If Cadillac hopes to be the technology leader in the luxury space, then gonna need the right equipment for the job. And to enable it to do just that, Cadillac is debuting a brand-new digital electrical architecture on the 2020 Cadillac CT5.
Not to be confused with a traditional vehicle platform for the purposes of manufacturing, the electrical platform is analogous to a vehicle’s central nervous system, providing the necessary communications hardware and software to run various digital and electronic features. Labeled internally at Cadillac parent company, General Motors, as “Global B,” the new digital architecture will deliver the electronic underpinnings for Cadillac’s various next-gen vehicles.
The new electrical architecture supports the various high-tech features Cadillac is deploying across its portfolio, including new active safety and infotainment features, expanded connectivity, Super Cruise drive assistance feature, and the introduction of electric propulsion that’s’s expected to debut in the mid-term future. In that regard, the current electrical architecture is insufficient, since it doesn’t provide the bandwidth or connectivity required by all those features.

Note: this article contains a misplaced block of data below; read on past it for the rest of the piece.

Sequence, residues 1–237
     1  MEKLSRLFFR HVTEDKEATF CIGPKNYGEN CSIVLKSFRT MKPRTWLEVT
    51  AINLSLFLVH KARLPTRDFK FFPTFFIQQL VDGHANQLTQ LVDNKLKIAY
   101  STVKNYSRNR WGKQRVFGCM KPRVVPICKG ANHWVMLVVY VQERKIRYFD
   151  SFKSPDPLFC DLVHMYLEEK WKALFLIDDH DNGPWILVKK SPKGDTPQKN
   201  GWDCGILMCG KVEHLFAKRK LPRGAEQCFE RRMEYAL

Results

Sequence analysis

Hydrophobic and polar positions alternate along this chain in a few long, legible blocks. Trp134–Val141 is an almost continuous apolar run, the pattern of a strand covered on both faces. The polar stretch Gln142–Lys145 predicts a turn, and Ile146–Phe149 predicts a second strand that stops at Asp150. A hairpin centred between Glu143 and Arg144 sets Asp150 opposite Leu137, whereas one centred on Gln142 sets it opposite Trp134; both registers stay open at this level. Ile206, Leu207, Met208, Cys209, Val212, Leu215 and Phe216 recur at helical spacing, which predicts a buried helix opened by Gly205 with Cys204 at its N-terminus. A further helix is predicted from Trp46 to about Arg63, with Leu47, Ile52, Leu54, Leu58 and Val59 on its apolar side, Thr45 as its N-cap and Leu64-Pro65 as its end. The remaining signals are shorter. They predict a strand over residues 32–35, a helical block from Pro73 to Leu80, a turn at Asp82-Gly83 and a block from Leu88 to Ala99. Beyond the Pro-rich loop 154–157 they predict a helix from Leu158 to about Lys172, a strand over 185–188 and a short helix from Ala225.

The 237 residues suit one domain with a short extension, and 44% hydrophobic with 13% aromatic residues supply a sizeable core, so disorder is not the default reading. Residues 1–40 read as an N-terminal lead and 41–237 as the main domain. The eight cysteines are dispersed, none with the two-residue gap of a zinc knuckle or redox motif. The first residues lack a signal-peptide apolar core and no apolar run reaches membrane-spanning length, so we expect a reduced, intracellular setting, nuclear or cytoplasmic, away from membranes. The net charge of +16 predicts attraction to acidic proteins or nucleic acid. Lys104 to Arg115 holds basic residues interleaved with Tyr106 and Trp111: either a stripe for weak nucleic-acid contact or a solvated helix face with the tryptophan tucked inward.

Global B digital offers data processing capabilities as high as 4.5 terabytes per hour, a fivefold increase compared to the outgoing electrical architecture used in current Cadillac models.
The platform is capable of over-the-air updates for extended longevity, and ethernet connections of 100Mbps, 1Gbps and 10 Gbps for future V2X capabilities.
The 2020 Cadillac CT5’s new digital electrical architecture also features enhanced cybersecurity, with baked-in protective features at both the software and hardware levels. Given the platform’s capability to deliver over-the-air vehicle updates, Cadillac’s parent firm has created a global Product Cybersecurity division, security vulnerability disclosure program, and formal “bug bounty” program that works with the broader research community to strengthen the cybersecurity of its various products.
“The critical role of software and its importance to our vehicles, both now and for years to come, cannot be overstated,” said the president at GM, Mark Reuss, who also has supervisory duties over Cadillac. “Our new digital vehicle platform and its eventual successors will underpin all our future innovations across a wide range of technological advancements, including EVs and expanded automated driving.”